Surely cutting down a tree will have a bigger environmental impact than choosing a plastic one for Christmas? It may seem counterintuitive to suggest otherwise. In most circumstances, however, that is the case. Read further to understand why.
Many of us concerned with what we can do to reduce our emissions feel concerned around Christmas time. It’s a time of celebration, a time where we splurge and enjoy ourselves but we’re also conscious about the potential for long term impact. So, we weigh up our options and try to do what’s best. What about our Christmas tree? Should we choose a real or fake Christmas tree?
Like me, I’m sure many of you would have thought that it would be the responsible thing to do for the planet to buy a fake Christmas tree and reuse it year after year. The reality is that if we take sufficient care about how we discard it, a natural tree actually might be the better option.
If you buy a locally grown and provided tree it can be anything from 2.5 CO2e to 4.5kg CO2e. This is quite low. In fact, the emissions are about the same as half an average Irish person’s [NDC] weekly consumption of milk [OWID]. The majority of the emissions are when the tree is discarded. If you choose to discard it in landfill, instead of chipping it or using as mulch, the emissions can increase to between 16kg CO2e and 21kg CO2e because it releases methane as it decomposes.
A mass-produced fake tree, comprised of steel and plastic, shipped from China or some other distant location will likely be in excess of 40kg CO2e [CARBON]. Only if you retain and use the tree for at least 8 -10 years would it be preferable, from the point of view of its carbon emissions, to have a fake tree.
It’s not quite that straightforward. Natural trees, grown and harvested specifically for the purpose, actually contribute to reducing carbon. They capture carbon from the air making them net positive through their lifetime. On the other hand a fake tree contributes negatively in two further ways:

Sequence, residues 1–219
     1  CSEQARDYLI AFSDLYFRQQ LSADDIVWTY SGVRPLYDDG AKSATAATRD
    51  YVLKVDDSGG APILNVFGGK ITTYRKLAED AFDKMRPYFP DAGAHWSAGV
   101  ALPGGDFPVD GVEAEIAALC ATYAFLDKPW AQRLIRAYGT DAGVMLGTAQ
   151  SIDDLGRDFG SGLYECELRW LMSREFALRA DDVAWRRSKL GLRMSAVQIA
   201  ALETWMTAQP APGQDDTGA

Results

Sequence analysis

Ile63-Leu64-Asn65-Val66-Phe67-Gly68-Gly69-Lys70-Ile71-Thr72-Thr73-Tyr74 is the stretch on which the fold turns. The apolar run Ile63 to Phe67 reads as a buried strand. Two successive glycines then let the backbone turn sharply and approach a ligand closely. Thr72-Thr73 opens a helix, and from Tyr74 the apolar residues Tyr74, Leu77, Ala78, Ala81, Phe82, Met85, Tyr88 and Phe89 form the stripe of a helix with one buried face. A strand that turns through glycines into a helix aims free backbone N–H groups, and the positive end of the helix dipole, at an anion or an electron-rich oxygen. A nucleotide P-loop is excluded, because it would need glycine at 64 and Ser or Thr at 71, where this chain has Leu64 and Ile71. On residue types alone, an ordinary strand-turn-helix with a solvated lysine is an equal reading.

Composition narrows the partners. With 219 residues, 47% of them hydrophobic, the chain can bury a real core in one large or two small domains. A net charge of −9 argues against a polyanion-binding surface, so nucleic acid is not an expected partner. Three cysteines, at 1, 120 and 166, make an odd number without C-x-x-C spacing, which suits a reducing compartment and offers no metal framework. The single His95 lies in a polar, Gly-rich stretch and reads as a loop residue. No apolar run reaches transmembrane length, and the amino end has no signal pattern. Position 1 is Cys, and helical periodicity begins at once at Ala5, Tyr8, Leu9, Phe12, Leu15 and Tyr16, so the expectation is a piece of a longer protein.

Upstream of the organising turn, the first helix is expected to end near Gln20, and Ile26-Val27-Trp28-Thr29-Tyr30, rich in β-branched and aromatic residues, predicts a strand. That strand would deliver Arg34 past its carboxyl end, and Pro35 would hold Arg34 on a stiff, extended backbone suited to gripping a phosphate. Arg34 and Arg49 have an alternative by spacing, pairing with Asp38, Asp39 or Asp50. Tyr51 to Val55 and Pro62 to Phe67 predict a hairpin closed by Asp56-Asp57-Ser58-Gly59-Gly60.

All told, if you have a fake tree, don’t replace it with a real one. The carbon emissions from our Christmas tree is relatively negligible in comparison to other aspects of our lives.
When your replica Christmas tree has reached its end of usable life as a tree, look for ways to further reuse it. Perhaps make decorations, such as a Christmas wreath, combining other recycled items. If you are debating whether to switch to plastic this year, the recommendation is not to.
* The petrochemicals industry directly and other industries supplying them are responsible for ~10% of GHG emissions globally. In the past 25 years emissions associated with petrochemicals have doubled and that trajectory is expected to increase if our plastic use, in particular does not reduce. [LUCRIS]. Petrochemicals are the long term bet that the oil and gas industry is investing in because they’ve known since the 1970’s the damage that burning fossil fuels is doing. They have actively attempted to hide from and confuse people about the long term damage being caused by fossil fuels and the impact of plastics [GUARDIAN][UNOHC]
Buy a real tree from a local grower, either a potted tree which can continue to grow after it has been part of the festivities or get it chipped/shredded when you’re finished with it. Better still, find a local charity or not for profit organisation and sponsor a tree plant.
What are other recommendations of things you can do during the festive season to ensure you minimise your impact on climate?
Every Little Thing Counts
The Carbon Trust’s tips for a more sustainable Christmas (CarbonTrust, 2021) – Accessed 28 Nov 2022
Christmas Tree Footprint Calculator (omnicalculator.com, 2022) – Accessed on 28 Nov 2022
48% Increase in Dairy Consumption for under-35s during lockdown (National Dairy Council, 2021) – Accessed on 28 Nov 2021
Dairy vs. plant-based milk: what are the environmental impacts? (OurWorldInData.org, 2022) – Accessed on 28 Nov 2022
Petrochemicals and Climate Change – Tracing Globally Growing Emissions and Key Blind Spots in a Fossil-Based Industry (IMES/EESS report; Vol. 126, 2022) – Accessed on 28 Nov 2022
How Big Oil Misled The Public Into Believing Plastic Would Be Recycled – (NPR, 2020) – Accessed on 18 Nov 2022
Plastic Recycling is a Clear Example of Disinformation in the Context of Toxics, Special Rapporteur on Hazardous Wastes Tells Human Rights Council (United Nations, 2021) – Accessed on 28 Nov 2022
‘Plastic recycling is a myth’: what really happens to your rubbish? (Guardian, 2019) – Accessed 28 Nov 2022
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